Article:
11. Evans J. 1984. Silviculture of Broadleaved Woodlands. Forestry Commission Bulletin 62. H.M.S.O., London.Google Scholar
  12. Gordon AG. 1964. The nutrition and growth of ash (Fraxinus excelsior L.) in natural stands in the English Lake District as related to edaphic site factors. J Ecol 52:169–87.CrossRefGoogle Scholar
  13. Grime JP. 1998. Benefits of plant diversity to ecosystems: immediate, filter and founder effects. J Ecol 86:902–10.CrossRefGoogle Scholar
  14. Husson F, Josse J, Le S, Mazet J. 2011. FactoMineR: Multivariate Exploratory Data Analysis and Data Mining with R. R package version 1.16. http://CRAN.R-project.org/package=FactoMineR.
  15. Husson F, Josse J. 2010. missMDA: Handling missing values with/in multivariate data analysis (principal component methods). R package version 1.2. http://CRAN.R-project.org/package=missMDA.
  16. Jacobs DF. 2007. Toward development of silvical strategies for forest restoration of American chestnut (Castanea dentata) using blight-resistant hybrids. Biol Conserv 137:497–506.CrossRefGoogle Scholar
  17. Joyce PM. 1998. Growing broadleaves. Dublin: COFORD.Google Scholar
  18. Kjær ED, McKinney LV, Nielsen LR, Hansen LN, Hansen JK. 2012. Adaptive potential of ash (Fraxinus excelsior) populations against the novel emerging pathogen Hymenoscyphus pseudoalbidus. Evol Appl 5:219–28.CrossRefPubMedPubMedCentralGoogle Scholar
  19. Kurz WA, Dymond CC, Stinson G, Rampley GJ, Neilson ET, Carroll AL, Ebata T, Safranyik L. 2008. Mountain pine beetle and forest carbon feedback to climate change. Nature 452:987–90.CrossRefPubMedGoogle Scholar
  20. Langenbruch C, Helfrich M, Flessa H. 2012. Effects of beech (Fagus sylvatica), ash (Fraxinus excelsior) and lime (Tilia spec.) on soil chemical properties in a mixed deciduous forest. Plant Soil 352:389–403.CrossRefGoogle Scholar
  21. Lohmus A, Runnel K. 2014. Ash dieback can rapidly eradicate isolated epiphyte populations in production forests: a case study. Biol Conserv 169:185–8.CrossRefGoogle Scholar
  22. Mason WL, Connolly T. 2014. Mixtures with spruce species can be more productive than monocultures: evidence from the Gisburn experiment in Britain. Forestry 87:209–17.CrossRefGoogle Scholar
  23. Meason DF, Mason WL. 2014. Evaluating the deployment of alternative species in planted conifer forests as a means of adaptation to climate change-case studies in New Zealand and Scotland. Ann For Sci 71:239–53.CrossRefGoogle Scholar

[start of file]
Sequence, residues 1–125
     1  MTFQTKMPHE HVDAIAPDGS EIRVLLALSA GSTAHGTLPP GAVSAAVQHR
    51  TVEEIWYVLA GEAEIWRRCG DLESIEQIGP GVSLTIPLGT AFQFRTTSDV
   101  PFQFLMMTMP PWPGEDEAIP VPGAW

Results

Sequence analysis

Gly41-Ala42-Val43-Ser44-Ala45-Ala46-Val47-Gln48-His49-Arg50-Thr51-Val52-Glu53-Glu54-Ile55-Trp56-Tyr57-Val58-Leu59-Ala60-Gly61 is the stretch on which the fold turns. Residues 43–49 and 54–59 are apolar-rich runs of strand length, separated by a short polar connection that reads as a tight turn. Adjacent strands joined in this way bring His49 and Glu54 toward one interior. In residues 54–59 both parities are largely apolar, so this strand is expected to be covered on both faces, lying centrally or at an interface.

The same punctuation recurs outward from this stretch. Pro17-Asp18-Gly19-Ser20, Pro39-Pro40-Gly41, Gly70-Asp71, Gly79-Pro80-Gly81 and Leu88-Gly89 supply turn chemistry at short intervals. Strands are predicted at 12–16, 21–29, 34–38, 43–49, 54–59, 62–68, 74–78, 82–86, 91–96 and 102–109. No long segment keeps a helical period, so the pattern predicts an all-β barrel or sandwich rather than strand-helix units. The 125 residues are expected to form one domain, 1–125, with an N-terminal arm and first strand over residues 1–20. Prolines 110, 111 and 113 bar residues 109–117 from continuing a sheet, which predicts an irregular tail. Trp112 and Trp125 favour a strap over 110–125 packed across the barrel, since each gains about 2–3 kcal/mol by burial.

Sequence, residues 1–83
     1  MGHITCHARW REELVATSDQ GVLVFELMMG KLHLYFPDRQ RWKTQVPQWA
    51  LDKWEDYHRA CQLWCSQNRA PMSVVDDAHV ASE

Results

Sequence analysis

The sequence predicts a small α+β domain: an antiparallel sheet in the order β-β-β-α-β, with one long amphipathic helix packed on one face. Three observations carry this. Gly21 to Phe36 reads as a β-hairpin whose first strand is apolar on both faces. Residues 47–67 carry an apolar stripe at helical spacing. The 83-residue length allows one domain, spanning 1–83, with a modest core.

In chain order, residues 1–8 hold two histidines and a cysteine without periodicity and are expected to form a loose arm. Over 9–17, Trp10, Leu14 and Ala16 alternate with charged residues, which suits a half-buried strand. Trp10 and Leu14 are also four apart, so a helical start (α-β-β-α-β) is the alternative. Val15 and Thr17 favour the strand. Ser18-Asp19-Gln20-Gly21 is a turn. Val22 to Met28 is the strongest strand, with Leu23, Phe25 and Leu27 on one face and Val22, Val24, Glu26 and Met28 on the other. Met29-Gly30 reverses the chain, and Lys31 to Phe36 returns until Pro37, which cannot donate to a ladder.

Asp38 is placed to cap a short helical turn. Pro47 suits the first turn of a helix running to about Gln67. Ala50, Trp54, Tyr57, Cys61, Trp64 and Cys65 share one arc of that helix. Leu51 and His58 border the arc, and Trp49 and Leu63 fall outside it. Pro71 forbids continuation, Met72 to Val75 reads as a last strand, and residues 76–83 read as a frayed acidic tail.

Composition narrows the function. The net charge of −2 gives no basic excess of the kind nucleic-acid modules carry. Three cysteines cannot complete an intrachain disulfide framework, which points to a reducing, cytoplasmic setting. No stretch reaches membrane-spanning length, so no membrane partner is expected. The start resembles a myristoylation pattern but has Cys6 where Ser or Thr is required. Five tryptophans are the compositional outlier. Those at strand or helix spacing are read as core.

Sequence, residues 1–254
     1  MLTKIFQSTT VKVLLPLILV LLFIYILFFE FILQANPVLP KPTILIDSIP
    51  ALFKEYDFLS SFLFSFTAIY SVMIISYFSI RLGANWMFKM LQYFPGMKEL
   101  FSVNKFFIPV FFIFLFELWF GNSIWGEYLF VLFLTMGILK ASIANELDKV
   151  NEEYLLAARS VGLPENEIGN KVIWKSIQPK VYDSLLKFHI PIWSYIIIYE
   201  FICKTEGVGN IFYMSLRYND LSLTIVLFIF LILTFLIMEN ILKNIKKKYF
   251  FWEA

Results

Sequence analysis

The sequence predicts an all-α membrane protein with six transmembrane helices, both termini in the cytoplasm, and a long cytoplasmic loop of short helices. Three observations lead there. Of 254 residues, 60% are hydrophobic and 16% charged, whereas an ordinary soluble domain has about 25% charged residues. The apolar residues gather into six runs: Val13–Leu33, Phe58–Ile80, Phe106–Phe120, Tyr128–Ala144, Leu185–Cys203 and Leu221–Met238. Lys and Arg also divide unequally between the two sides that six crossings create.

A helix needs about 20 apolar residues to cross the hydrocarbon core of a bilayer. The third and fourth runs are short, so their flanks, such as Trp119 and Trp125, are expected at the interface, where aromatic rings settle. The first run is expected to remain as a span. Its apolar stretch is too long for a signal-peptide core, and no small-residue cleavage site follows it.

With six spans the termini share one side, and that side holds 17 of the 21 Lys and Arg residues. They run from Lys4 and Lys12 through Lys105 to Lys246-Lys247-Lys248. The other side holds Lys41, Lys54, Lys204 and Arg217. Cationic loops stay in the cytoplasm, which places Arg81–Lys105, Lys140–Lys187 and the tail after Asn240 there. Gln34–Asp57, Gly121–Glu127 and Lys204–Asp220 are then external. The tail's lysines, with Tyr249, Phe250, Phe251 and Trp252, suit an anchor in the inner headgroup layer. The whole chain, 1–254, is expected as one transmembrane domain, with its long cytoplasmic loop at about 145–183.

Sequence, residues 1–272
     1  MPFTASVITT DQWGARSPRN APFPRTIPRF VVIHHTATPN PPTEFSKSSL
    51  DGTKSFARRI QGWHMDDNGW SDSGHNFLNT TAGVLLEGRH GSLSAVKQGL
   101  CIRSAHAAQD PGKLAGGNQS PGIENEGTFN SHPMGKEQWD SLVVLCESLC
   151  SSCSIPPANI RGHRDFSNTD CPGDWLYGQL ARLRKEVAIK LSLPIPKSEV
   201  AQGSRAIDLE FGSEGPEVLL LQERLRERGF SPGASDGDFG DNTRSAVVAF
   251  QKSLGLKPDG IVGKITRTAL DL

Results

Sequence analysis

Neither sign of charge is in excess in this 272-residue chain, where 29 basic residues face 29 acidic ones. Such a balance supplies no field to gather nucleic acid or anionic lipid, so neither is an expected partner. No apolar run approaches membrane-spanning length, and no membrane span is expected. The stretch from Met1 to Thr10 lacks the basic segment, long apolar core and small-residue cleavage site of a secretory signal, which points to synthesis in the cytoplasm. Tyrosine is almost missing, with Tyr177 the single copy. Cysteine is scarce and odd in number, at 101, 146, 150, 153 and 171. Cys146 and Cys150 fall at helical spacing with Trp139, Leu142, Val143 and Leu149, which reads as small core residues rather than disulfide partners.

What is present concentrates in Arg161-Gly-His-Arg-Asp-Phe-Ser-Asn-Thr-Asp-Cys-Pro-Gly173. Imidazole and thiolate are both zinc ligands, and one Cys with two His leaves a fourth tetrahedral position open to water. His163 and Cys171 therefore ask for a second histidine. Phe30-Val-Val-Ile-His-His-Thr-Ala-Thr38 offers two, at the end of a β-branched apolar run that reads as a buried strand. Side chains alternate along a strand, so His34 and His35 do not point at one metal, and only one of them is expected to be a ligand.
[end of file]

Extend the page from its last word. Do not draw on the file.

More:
24. Millennium Ecosystem Assessment. 2005. Ecosystems and human well-being: biodiversity synthesis. Washington, DC: World Resources Institute.Google Scholar
  25. Mitchell RJ, Beaton JK, Bellamy PE, Broome A, Chetcuti J, Eaton S, Ellis CJ, Gimona A, Harmer R, Hester AJ, Hewison RL, Hodgetts NG, Iason GR, Kerr G, Littlewood NA, Newey S, Potts JM, Pozsgai G, Ray D, Sim DA, Stockan JA, Taylor AFS, Woodward S. 2014a. Ash dieback in the UK: a review of the ecological and conservation implications and potential management options. Biol Conserv 175:95–109.CrossRefGoogle Scholar
  26. Mitchell RJ, Broome A, Harmer R, Beaton JK, Bellamy PE, Brooker RW, Duncan R, Ellis CJ, Hester AJ, Hodgetts NG, Iason GR, Littlewood NA, Mackinnon M, Pakeman R, Pozsgai G, Ramsey S, Riach D, Stockan JA, Taylor AFS, Woodward S. 2014b. Assessing and addressing the impacts of ash dieback on UK woodlands and trees of conservation importance (Phase 2). Natural England Commissioned Reports, Number 151, Natural England, Peterborough.Google Scholar
  27. Morecroft MD, Stokes VJ, Taylor ME, Morison JIL. 2008. Effects of climate and management history on the distribution and growth of sycamore (Acer pseudoplatanus L.) in a southern British woodland in comparison to native competitors. Forestry 81:59–74.CrossRefGoogle Scholar
  28. Natural England. 2014. NECR151 edition 1—a spreadsheet of ash-associated biodiversity. http://publications.naturalengland.org.uk/publication/5273931279761408.
  29. Nicholls PH. 1981. Spatial analysis of forest growth. Forestry Commission Occasional Paper, 12, Forestry Commission, Edinburgh.Google Scholar
  30. Park A, Puettmann K, Wilson E, Messier C, Kames S, Amalesh D. 2014. Can boreal and temperate forest management be adapted to the uncertainties of 21st century climate change? Crit Rev Plant Sci 33:251–85.CrossRefGoogle Scholar
  31. Pautasso M, Aas G, Queloz V, Holdenrieder O. 2013. European ash (Fraxinus excelsior) dieback—a conservation biology challenge. Biol Conserv 158:37–49.CrossRefGoogle Scholar
  32. Perks MP, Harrison AJ, Bathgate SJ. 2007. Establishment Management Information System (EMIS): delivering good practice advice on tree establishment in the uplands of Britain. In: K.M. Reynolds and others, Eds. Sustainable forestry: from monitoring and modelling to knowledge management and policy science. CAB International, Wallingford, pp. 412–24.Google Scholar